In the words of the Buddha, the four foundations of mindfulness (the four satipatthanas) are "the direct path for the purification of beings, for the surmounting of sorrow and lamentation, for the disappearance of dukkha (suffering) and discontent, for acquiring the true method, for the realization of Nibbana." Within the quintessential discourse called the Satipatthana Sutta, we find the Buddha's seminal teachings about the practice of meditation.
On Abiding in Mindfulness, Volume I: The Body, esteemed teacher and author Joseph Goldstein presents an audio curriculum to reveal the deeper insights of this vital sutta - and how it serves to inform and guide your own daily practice.
Goldstein sets the stage for your journey through the sutta by clarifying the Buddha's initial declaration of the "direct path" to awakening that is its promise. Through the wisdom of Buddhist masters of ancient and modern times and the expertise of his own 40-year study and practice, he shares the subtle nuances of each key term derived from the original Pali. Where do you find the ardency to sustain and balance your efforts along the path? How do you cultivate the breadth of mindfulness that makes any spiritual undertaking possible? What strengthens your perception of impermanence - both internally and externally?
With Goldstein's lucid instruction, you will discover a wellspring of profound revelations to revitalize and mature your practice, and help you bring forth its fruits in every area of your life.
On Abiding in Mindfulness, Volume I: The Body, Goldstein introduces you to the first satipatthana, the domain of the body. Here, you will learn the cornerstone techniques for successful meditation practice, as taught by the Buddha himself.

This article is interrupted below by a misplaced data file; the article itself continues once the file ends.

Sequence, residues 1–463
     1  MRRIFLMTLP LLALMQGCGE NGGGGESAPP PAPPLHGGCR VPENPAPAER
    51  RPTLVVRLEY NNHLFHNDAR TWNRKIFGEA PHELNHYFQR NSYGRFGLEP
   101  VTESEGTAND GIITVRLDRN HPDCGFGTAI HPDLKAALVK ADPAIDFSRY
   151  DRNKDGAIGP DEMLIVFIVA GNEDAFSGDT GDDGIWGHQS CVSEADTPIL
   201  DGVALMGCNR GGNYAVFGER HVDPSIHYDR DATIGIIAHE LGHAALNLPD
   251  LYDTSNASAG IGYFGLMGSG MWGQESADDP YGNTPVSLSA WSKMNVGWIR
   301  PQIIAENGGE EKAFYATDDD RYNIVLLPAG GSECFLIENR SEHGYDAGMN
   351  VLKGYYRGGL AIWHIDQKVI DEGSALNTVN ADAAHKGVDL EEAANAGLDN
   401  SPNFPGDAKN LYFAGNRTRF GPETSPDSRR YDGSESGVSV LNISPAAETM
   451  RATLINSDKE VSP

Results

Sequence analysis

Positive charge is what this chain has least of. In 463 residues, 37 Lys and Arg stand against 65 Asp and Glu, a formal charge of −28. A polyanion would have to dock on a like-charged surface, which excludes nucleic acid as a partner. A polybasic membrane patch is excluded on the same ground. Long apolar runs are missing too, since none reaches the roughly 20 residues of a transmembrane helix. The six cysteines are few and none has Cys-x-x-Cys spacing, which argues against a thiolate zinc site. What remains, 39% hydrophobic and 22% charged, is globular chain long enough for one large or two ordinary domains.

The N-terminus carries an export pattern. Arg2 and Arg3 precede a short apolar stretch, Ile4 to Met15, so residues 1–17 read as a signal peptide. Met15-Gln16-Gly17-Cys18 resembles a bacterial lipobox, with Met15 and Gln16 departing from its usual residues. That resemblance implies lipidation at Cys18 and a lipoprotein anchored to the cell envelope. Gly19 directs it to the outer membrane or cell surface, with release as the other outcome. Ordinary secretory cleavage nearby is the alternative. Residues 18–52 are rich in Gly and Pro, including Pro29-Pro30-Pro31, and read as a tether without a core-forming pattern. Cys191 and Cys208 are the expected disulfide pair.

From appropriate places and postures for practice to clear comprehension of all aspects of the body to the elements and energies that make up our physical form, Goldstein brings you to the threshold of the "ultimate truth" of our bodies.
©2012 Joseph Goldstein (P)2012 Sounds True
I've been an Audible junkie from way before it was cool.
That the first track is actually from the 6th lecture I believe, before the actual series begins on track 2.
And, well, that's not really a negative thing to say, right? Just a shout-out for a little IT intervention, I suppose.
Regardless, Joseph Goldstein should be a core component to your Buddhist lecture library in that he strikes the balance between very technical and very loving/open with a sincerity that you can appreciate - if you are ok with slow paced, careful formulations of words.
Probably not for those seeking fast injections of mental calm and assurances from Deepak Chopra, Dr Phil, or Eckhart Tolle.
The lessens are great; engaging and peaceful. I listen to them over and over.
Note: The audio starts on Sesson 6 then proceeds to Sesson 1. If you don't mind, then it doesn't matter...
The recording is missing the first 5 sessions. I returned it for a refund. I hope this problem is corrected.
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